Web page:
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latching relay circuit

Discussion in 'Electronic Design' started by Jamie Morken, Oct 22, 2006.

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  1. Jamie Morken

    Jamie Morken Guest


    I am trying to make a circuit that will function so that when the power
    is disconnected from the running device, and then the power is
    reconnected, the device will stay turned off, until it is manually
    turned back on with a push button switch. I was told that this could be
    done with a latching relay and a DPDT switch, what would the circuit
    look like for this? The device runs on 120VAC and draws 15Amps. I have
    seen some latching relays on ebay for $1, but I can't figure out how
    they would be used to build this circuit! :)

  2. Nope. Just a relay and a push button.

    Wire the push button and the NO relay contacts in parallel, and that pair in
    series with the relay coil. Wire the load across the relay coil.
  3. mkaras

    mkaras Guest

    If you need to isolate the load from the push button circuit, which is
    often the case when the relay coil and push button curcuit may operate
    on an low voltage DC and the load may be an AC motor on mains power
    then it is best to use a separate set of NO contacts on the relay to
    switch the motor power.

    Look here for some ideas on the relay latch circuit with a push button:
  4. Will work fine as long as the pushbutton is rated for the same current (15A
    or more) as the relay contacts. Otherwise you better take a double pole
    relay and power the load and the relaycoil separately. Keep in mind that the
    inrush current may be much more then 15A and that the contacts must be able
    to handle it.

    petrus bitbyter
  5. Paul Taylor

    Paul Taylor Guest

    Try this!
  6. Nice circuit but the relay used will be too light to switch 15A. To switch
    15A (or more, inrush current you know) you need thick contacts and a high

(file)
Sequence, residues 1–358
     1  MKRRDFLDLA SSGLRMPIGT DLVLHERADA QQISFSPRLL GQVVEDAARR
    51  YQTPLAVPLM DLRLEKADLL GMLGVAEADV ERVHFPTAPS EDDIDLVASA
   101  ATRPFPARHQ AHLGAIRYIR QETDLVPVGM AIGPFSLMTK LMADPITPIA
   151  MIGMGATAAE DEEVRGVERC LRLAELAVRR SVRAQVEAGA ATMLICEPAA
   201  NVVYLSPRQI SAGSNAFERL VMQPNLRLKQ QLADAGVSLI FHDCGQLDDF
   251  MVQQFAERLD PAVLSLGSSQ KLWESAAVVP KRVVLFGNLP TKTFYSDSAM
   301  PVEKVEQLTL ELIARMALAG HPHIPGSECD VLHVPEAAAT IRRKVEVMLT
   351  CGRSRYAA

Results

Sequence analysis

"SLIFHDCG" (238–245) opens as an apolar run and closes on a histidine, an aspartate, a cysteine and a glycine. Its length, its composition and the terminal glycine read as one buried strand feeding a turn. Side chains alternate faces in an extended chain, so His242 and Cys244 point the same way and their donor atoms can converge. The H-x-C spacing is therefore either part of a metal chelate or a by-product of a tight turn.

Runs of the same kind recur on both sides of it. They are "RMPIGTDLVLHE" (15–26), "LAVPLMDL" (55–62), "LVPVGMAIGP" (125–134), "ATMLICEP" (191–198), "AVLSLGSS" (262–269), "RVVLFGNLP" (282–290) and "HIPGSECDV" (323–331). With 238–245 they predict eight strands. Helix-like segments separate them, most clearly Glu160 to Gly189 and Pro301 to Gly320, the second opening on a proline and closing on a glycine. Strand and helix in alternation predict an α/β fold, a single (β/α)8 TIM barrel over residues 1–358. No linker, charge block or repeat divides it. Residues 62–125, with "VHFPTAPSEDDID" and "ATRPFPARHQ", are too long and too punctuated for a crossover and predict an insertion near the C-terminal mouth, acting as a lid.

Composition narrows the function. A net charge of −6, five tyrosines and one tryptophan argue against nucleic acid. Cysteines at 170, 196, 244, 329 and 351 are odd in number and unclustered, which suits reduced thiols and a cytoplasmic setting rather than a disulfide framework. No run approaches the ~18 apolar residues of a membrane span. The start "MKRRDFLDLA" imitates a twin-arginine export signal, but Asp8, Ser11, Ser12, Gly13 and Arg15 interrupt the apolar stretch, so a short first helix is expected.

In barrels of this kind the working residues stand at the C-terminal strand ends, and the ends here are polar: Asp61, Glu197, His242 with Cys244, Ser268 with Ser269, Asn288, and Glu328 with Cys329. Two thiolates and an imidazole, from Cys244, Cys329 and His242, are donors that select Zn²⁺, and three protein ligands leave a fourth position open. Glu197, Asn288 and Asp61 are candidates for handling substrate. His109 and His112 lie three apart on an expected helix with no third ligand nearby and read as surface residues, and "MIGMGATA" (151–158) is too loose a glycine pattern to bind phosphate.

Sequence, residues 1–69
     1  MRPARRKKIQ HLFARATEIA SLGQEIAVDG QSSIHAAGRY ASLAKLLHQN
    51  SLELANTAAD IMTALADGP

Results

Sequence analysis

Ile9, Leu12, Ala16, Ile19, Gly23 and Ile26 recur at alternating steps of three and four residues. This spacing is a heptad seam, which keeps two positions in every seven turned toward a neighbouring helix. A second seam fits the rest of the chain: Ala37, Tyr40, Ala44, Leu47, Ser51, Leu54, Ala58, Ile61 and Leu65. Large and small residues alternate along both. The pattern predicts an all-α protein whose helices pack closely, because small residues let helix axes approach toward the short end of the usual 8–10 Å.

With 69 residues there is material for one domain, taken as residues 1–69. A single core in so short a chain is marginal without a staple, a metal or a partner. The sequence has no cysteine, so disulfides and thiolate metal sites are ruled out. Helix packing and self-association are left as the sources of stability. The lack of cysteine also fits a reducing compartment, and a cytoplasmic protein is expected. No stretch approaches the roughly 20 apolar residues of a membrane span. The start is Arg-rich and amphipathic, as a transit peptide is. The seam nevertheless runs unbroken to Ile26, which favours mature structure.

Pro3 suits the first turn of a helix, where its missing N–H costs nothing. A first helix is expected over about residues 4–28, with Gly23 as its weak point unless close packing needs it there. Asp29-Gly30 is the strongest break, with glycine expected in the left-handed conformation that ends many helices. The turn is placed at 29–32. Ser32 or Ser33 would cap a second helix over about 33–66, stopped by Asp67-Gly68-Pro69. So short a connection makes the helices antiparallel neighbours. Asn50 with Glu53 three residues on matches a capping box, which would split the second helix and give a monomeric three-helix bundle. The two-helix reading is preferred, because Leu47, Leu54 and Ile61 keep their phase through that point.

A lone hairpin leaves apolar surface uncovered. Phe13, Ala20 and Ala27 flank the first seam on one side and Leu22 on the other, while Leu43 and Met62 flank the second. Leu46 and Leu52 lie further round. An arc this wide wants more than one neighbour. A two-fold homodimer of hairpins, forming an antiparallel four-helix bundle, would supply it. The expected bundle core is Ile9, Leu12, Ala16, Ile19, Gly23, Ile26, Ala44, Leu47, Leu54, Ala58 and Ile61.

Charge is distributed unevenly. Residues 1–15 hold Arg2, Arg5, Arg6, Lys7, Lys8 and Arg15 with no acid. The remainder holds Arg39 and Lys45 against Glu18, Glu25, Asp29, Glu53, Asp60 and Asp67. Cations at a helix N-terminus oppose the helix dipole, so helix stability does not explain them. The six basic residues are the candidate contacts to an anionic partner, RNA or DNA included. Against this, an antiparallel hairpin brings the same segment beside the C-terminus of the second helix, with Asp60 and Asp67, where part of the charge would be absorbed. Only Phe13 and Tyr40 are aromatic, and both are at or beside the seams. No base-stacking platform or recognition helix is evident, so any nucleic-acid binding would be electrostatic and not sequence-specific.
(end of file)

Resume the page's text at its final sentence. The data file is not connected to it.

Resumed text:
contact pressure. If you can find a relay that can switch the required
    current and has a 9V coil, it will need quite some current from the 9V
    battery to be activated.

    petrus bitbyter
  7. C1 R1
    | |
    | ------------------- |
    | | push button | Thyristor LOAD 16A
    | | \ R3 --- |
    | D2 |- \ ----===--- \ / Th1 | 230V AC
    |--|>|--| | \ --- -------
    12V | | + | |------------/ \ \ /
    zener --- \ === | | ------- 20A triac
    / \ --- [ ] [ ] |
    | D1 | C2 | R2 | R3 |
    | | | | |

    Solid state solution:
    C1 must provide enough current to keep thyristor on and drive triac, should be HV cap.
    Resistors R2 R3 only against leakage, some kOhm.
    R1 fusible carbon for current limit in case something shorts.
    D1 creates stable 12.7V AC wave -0.7 to +12V.
    D2 rectifies this wave.
    C2 smoothes the rectified wave.
    Th1 will latch if button pressed.
    R3 limits peak gate current.

    IIRC triac can be driven positive on gate in all quadrants?
    This solution can sometimes be cheaper then a relay.

    Circuit not tested, use at own risk.
  8. Rube Goldberg would be proud.

    Use a regular contactor, wire a set of NO contacts in parallel with the
    pushbutton - normal motor starter set-up.
  9. Jamie Morken

    Jamie Morken Guest


    On the relay it says 150V/15Amps or 300V/10Amps. Why does the current
    rating go down with increasing working voltage?

  10. It's more the ability to open the circuit that is the key.
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